Life is busy, and I don't know a single person that can argue that point. I recently read an article explaining that scientists have proven that the day is getting longer as time goes on (1.7 milliseconds are added to the length of a day each year per century, in case you were interested). I can't argue with science, nor can I argue with perception. My perception of time, however, is that the days are getting much shorter as I get older. This is especially true for those who have families. Not a day goes by where parents don't feel like the family taxi driver. Am I right?
Even with everything going on in your personal, professional and family life, there are ways to control and organize the chaos. One of my favorite tools to do so is something we all have access to, and it's absolutely, 100% free... a calendar! To give you an idea of my typical week, this is my calendar:
Obviously, I blurred out the details (no one is interested in my personal schedule), but you at least get the idea. Believe it or not, this doesn't include everything (last-minute meeting invites, conference calls, etc).
Who Should Read This
The principals discussed in this post apply to business situations as well as family life. A busy schedule is a busy schedule, regardless of whether that schedule consists of ballet recitals or Board meetings.
If you look at the calendar above, there is one very key principal here that absolutely has to be applied in order for me to keep things straight. That simple principal is that I use multiple calendars, and that each calendar is (meaningfully) color-coded.
Note: for the rest of this article, I will use iCloud as the basis for creating and sharing calendars. iCloud is a free service offered by Apple, and works great with their devices as well as web access. I highly recommend using it for email, calendaring, contacts, etc. If you choose another service provider for your calendaring, the principals here still apply.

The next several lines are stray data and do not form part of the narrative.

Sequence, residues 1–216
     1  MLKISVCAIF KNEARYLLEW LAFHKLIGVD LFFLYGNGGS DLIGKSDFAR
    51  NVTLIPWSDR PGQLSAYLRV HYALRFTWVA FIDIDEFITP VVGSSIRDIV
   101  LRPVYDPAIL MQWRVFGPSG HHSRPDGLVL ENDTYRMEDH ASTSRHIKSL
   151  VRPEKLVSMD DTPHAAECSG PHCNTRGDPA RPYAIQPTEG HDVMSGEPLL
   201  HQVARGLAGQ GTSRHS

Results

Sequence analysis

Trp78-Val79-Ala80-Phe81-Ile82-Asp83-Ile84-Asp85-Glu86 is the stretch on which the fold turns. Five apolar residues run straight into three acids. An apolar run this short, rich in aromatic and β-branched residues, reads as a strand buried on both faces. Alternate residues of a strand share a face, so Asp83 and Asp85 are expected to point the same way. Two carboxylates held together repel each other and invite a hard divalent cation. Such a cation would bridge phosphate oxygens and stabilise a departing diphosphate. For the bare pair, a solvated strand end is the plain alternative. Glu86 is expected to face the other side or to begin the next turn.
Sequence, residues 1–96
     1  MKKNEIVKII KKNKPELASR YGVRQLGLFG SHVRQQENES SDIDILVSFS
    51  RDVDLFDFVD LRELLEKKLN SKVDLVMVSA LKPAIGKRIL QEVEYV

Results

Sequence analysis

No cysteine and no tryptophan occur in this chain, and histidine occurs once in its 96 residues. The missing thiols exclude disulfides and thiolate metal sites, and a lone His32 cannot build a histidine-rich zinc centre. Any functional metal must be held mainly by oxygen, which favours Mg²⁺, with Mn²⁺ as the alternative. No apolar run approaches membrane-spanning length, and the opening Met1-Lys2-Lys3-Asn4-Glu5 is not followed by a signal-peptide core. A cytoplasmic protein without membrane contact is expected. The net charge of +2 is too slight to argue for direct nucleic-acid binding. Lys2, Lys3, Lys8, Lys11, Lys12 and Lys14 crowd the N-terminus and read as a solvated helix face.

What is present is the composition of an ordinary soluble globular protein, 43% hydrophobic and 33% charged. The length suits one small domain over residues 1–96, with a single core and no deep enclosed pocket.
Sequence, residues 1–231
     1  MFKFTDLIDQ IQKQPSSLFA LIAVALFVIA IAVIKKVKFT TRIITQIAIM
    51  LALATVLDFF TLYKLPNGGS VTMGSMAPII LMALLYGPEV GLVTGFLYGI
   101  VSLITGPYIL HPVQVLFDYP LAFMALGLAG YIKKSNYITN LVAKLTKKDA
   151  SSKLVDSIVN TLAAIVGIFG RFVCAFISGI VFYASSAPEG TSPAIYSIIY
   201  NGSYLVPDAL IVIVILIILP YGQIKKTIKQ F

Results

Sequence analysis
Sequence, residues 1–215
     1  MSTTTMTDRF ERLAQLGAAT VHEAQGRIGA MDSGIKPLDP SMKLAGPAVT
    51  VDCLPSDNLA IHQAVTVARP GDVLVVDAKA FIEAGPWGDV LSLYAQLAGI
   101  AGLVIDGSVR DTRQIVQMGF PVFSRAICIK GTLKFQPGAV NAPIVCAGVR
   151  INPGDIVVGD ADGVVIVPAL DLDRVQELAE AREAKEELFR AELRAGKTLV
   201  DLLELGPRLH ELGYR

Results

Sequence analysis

Colors, Colors, Colors
First, let's talk about why it's important to create multiple calendars. There are two reasons for this:
- So that we can turn various calendars on/off when we want to show/hide them
- So that we can color-code each calendar
I'm a very visual person, meaning things make much more sense to me if they are visually appealing and interesting to look at. If my calendars were all grey, it would be much less-effective because it would be impossible to differentiate who's calendar belongs to who at a glance. With colors, I can look at my calendar and immediately know if my evening is full of work-rested activity, or family-related activity.
To give you an idea of what calendars you may want to create, I have generated the following graphic:
In this example, I have at least 8 different calendars. They include one for mom, dad and each of the 4 children (let me be clear, I don't "own" all of these calendars, but they are all in my calendar view. More about that in a minute). In addition to the obvious calendars, I also have a calendar for "mom & dad" (great for keeping track of date nights, weddings, etc), as well as a calendar for the "entire family" (great for keeping track of family events like vacations, soccer games, etc).
Once you have created your calendars, it's time to color-code them. Above, I mentioned the word "meaningful" when I talked about color-coding. This will help you to know which calendar an event belongs to when glancing at it. My favorite color is blue, so my calendar is blue. If Billy's favorite color is brown, color his brown. If Jane's is yellow, color her's yellow. You get the idea. Regardless of how you choose to color your calendars, make sure it's meaningful to you.